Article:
Amy Malbeuf: apihkêw
May 13th - June 25th, 2016
She weaves, she braids, she knits
Kokums, great-grandmothers, mothers, aunties, women of the earth.
They bring The Land forth through their roots.
The gallery space transports us to northern Alberta, Home Land to artist Amy
Malbeuf. A strip of land from her family farm lies raw, reminiscent of that which
has been and continues to be dispossessed. Her work is deeply personal (the
braids a literal extension of the artist), but it is also somehow familiar.
The work invites us to contemplate the sacredness of the body. Laced hair
alludes to the old ways of the women that went before us, weaved through the
fibers of our beings. A reminder of the everyday presence of our relations, our
ancestors, shrouded in favor of modern-day individualism.
The work is situated within a movement that seeks to honour and give voice to
Indigenous women who have been silenced. As a Métis woman, Malbeuf is
conscious of the ways in which the bodies, names, stories, and work of
indigenous women have been excluded within Métis histories. Contextualized
within Malbeuf’s body of work as a performance artist, bead-worker and
caribou-hair tufter, apihkêw exists along a continuum of creative endeavours that
highlight often-unrecognized women’s craftwork meanwhile re-imagining
Indigenous contemporary art.
For Indigenous women, ignoring the women that came before us is futile, as
their pain and trauma is inherited through generations. The body is a vessel of
not only unresolved despair, but also enduring strength. The gallery environment
is haunting, charged with a sense of grief that may cause a visceral reaction for
some people. The aesthetic of the work is stark, a reminder of all that has been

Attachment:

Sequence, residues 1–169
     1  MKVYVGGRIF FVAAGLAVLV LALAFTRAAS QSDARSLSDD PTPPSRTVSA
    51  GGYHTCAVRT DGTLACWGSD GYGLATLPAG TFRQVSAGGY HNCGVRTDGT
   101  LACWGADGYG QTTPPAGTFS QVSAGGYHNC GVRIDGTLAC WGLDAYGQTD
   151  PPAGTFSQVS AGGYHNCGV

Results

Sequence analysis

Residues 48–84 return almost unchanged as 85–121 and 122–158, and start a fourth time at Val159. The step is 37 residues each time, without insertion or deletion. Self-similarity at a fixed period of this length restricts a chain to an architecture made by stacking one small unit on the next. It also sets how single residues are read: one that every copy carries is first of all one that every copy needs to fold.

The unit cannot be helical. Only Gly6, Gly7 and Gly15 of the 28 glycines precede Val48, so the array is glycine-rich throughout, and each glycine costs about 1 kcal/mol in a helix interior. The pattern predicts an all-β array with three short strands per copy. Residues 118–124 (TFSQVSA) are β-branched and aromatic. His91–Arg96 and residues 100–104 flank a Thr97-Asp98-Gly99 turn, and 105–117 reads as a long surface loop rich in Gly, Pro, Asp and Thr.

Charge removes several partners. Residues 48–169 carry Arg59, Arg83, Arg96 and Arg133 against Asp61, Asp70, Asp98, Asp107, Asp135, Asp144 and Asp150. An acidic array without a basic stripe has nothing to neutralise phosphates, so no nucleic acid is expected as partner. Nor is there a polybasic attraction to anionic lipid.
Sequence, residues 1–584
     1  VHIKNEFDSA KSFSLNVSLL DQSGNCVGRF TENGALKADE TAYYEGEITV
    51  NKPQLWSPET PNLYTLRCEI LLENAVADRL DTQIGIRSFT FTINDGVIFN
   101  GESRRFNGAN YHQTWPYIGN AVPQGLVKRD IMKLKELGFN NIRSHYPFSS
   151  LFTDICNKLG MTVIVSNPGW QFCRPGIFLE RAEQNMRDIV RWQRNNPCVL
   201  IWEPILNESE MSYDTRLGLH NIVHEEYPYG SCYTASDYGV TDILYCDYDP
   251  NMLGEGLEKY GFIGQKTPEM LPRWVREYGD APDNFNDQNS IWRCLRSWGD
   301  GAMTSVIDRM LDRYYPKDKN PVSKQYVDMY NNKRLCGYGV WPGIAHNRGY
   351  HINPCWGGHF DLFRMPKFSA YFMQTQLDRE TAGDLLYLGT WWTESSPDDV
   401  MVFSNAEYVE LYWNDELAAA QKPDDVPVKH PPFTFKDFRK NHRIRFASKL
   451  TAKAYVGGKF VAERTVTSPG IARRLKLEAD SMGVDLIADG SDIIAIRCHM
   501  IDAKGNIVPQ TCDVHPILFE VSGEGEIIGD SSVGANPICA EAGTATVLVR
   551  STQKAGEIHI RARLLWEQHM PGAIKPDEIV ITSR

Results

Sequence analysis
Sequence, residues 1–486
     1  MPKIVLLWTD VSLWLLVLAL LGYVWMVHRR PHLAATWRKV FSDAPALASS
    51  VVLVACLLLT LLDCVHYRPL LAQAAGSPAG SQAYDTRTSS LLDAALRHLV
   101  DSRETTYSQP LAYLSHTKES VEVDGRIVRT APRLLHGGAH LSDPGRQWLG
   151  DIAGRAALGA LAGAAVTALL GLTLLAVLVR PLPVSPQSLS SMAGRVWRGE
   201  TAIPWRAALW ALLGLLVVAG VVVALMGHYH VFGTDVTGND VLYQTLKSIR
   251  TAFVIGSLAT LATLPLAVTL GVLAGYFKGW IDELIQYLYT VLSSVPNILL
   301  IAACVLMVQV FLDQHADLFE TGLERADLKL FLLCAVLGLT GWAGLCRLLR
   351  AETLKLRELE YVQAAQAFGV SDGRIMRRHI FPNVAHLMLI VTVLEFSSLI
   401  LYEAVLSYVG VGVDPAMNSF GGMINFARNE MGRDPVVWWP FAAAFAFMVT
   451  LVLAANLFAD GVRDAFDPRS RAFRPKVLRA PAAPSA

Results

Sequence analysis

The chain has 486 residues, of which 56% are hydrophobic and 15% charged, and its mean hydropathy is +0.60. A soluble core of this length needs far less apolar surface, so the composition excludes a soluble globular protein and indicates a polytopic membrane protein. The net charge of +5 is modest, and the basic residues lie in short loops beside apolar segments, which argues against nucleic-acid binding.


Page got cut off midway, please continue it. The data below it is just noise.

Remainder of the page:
lost in a relentless gale of colonization: culture, identity, spirituality, language and
The interrelatedness of all living beings is a central component of apihkêw,
weaved together through connections that transcend time and space.
Illuminating the ways in which experiences are relived throughout generational
lifetimes, the work stands as a tactile reminder of the stillness and flux of the
passing of time. Drawing on concepts described by indigenous scholar Leroy
Little Bear, temporality is understood as cyclical and non-linear. Place is thought
together with time and space.
Though subtle, the collection in its entirety is powerful, chilling, and
provocative. An atmosphere of mourning culminates with an intensity that is felt
through the cutting of braids. Though in other contexts, it may be an icon of
residential school trauma and indigenous erasure, here expresses something
complex. The future is re-imagined, unshackled from solemnity. Not an absolving
of the women and their resilience that has been passed through the body along
bloodlines, but a recognition that strength lies in surrendering to oneself.
Though somber, the work whispers beyond the bleakness, of persistence
through adversity, of a life after loss, of Ahkemeyimowak.